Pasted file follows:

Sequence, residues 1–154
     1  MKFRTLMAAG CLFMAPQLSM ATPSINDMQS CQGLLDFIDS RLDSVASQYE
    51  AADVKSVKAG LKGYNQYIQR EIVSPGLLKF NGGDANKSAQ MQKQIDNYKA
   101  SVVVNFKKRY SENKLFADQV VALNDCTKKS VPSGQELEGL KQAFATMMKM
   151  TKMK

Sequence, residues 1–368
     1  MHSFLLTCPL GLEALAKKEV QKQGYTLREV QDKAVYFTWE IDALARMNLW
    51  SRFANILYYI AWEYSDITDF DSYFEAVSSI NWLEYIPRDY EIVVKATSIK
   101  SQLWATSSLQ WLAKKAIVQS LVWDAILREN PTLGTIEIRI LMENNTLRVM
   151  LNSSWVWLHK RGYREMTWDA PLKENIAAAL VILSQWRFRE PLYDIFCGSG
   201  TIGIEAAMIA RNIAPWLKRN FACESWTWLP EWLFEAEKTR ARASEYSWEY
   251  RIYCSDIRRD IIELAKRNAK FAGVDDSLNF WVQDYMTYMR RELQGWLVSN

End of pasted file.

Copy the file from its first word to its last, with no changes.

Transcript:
Sequence, residues 1–154
     1  MKFRTLMAAG CLFMAPQLSM ATPSINDMQS CQGLLDFIDS RLDSVASQYE
    51  AADVKSVKAG LKGYNQYIQR EIVSPGLLKF NGGDANKSAQ MQKQIDNYKA
   101  SVVVNFKKRY SENKLFADQV VALNDCTKKS VPSGQELEGL KQAFATMMKM
   151  TKMK

Sequence, residues 1–368
     1  MHSFLLTCPL GLEALAKKEV QKQGYTLREV QDKAVYFTWE IDALARMNLW
    51  SRFANILYYI AWEYSDITDF DSYFEAVSSI NWLEYIPRDY EIVVKATSIK
   101  SQLWATSSLQ WLAKKAIVQS LVWDAILREN PTLGTIEIRI LMENNTLRVM
   151  LNSSWVWLHK RGYREMTWDA PLKENIAAAL VILSQWRFRE PLYDIFCGSG
   201  TIGIEAAMIA RNIAPWLKRN FACESWTWLP EWLFEAEKTR ARASEYSWEY
   251  RIYCSDIRRD IIELAKRNAK FAGVDDSLNF WVQDYMTYMR RELQGWLVSN